A small shuffle near him brought his surroundings back into focus. The street magician was packing up his meager belongings and counting the money he'd made for the day. Jon stood and brushed the dirt and snow flurries from his breeches. He glanced at the man and was suddenly struck by an absurd idea. Maybe he should join the man and they could be a duo of powerful mages performing child's tricks on street corners. Suddenly, he was overcome by a fit of hollow laughter. He laughed at how unfortunate his situation was, how ridiculously desperate. He laughed at how he couldn't even be a street magician, because he used as much gift as he dared to hide his identity and location. He laughed because even using his gift to hide his location could give away his location, if another mage sensed him and recognized his power. Roger most likely had mages searching for him for that very reason. It felt good to laugh, even if the laughter was more of a maniacal hysteria borne of weariness and desperation than from anything genuinely humorous.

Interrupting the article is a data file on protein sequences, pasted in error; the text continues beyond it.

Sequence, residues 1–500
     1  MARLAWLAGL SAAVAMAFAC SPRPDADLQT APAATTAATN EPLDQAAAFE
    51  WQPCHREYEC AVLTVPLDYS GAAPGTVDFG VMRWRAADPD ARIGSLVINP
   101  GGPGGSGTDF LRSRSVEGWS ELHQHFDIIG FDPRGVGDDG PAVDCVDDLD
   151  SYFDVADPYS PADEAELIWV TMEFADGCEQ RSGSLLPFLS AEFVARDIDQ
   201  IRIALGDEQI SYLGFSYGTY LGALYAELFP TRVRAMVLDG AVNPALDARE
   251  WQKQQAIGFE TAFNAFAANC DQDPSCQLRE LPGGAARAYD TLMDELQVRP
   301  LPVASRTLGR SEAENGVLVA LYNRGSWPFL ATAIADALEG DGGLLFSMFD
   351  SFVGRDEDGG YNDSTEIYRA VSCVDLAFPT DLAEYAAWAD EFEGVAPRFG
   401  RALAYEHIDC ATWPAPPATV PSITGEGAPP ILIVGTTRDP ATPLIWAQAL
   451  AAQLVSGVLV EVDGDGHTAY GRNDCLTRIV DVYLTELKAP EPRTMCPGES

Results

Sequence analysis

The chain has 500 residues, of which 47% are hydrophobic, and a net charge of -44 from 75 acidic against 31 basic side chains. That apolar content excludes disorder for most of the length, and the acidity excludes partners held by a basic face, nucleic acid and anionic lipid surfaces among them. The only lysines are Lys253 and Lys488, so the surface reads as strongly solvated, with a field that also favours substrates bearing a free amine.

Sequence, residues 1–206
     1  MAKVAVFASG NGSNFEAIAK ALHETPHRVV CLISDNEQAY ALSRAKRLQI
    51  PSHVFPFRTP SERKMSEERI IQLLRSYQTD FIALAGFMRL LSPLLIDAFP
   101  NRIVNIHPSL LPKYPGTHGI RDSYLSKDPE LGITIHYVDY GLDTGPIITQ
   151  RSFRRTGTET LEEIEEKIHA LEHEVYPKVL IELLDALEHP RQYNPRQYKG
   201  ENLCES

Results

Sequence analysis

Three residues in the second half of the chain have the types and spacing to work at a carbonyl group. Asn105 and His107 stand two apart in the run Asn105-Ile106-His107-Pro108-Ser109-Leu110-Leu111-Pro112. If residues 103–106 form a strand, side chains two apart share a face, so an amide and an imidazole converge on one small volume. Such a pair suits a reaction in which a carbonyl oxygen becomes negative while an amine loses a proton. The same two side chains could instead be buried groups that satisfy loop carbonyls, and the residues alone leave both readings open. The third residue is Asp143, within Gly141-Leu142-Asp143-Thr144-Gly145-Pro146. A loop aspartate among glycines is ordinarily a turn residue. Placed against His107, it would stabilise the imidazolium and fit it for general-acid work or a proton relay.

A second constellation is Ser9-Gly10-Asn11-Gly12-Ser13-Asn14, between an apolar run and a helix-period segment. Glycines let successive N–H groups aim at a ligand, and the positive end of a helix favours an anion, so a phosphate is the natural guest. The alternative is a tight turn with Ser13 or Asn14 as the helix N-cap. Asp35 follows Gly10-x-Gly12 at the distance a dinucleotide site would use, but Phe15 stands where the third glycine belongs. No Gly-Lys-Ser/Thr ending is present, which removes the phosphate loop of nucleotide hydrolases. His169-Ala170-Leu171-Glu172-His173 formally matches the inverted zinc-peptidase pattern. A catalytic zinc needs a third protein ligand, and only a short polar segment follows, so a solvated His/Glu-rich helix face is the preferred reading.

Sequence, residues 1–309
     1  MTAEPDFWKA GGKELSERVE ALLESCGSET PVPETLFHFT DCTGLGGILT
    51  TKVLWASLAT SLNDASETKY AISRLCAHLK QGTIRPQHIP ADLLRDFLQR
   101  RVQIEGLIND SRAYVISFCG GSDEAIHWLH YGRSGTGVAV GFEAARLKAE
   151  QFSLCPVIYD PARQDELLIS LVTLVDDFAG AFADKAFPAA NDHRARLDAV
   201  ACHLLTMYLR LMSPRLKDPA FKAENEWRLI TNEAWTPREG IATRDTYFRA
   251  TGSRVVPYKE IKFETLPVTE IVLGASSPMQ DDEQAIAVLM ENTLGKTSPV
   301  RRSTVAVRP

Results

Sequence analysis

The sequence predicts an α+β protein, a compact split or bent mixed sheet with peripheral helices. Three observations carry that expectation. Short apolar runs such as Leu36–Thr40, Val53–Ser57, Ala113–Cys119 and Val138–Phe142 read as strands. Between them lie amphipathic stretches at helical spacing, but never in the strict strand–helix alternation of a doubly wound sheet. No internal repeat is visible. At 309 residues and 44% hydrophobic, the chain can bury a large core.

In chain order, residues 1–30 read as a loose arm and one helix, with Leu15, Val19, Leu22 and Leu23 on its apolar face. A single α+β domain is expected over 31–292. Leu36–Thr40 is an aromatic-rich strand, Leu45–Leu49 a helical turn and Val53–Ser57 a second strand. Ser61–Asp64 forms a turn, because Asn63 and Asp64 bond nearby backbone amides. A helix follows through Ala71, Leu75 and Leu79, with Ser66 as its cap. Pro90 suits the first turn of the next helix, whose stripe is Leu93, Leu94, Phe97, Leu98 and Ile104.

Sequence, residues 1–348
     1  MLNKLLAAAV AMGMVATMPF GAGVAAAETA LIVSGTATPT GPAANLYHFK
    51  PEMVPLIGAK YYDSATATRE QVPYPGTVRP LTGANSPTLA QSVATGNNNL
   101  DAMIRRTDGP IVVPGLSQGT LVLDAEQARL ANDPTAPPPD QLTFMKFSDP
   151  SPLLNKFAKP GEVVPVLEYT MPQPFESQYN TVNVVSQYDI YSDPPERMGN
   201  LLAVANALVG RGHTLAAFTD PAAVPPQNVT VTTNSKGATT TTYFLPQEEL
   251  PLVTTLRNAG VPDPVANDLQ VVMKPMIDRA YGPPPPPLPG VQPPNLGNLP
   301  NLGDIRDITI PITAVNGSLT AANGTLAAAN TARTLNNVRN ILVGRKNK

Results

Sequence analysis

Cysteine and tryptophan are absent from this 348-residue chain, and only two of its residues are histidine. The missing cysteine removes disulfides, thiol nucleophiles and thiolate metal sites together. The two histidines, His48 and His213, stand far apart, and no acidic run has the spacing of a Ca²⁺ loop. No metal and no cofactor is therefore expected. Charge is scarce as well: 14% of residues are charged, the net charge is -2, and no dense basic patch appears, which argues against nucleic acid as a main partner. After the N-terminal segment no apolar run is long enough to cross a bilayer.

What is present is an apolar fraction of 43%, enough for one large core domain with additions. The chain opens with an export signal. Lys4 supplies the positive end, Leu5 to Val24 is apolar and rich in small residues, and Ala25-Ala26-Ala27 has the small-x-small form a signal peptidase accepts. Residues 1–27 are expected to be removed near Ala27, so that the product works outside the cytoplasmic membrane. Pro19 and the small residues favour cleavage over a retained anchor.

He sobered quickly, however, when he found the magician's concerned and suspicious eyes on him. The man's dark gaze shifted from Jon's hands to his own purse, probably wondering if Jon would try and attack him or something. The man's large hands shook, and Jon spied a faint shift of magic as the man prematurely prepared for battle. Jon hesitated, with shaking hands like that, it seemed as if the man wasn't used to using his gift for battle. No matter, Jon couldn't risk even a minor magical confrontation out in the open.
"Sorry, friend," Jon said placating, holding his hands up in surrender, "it's just been a really long day."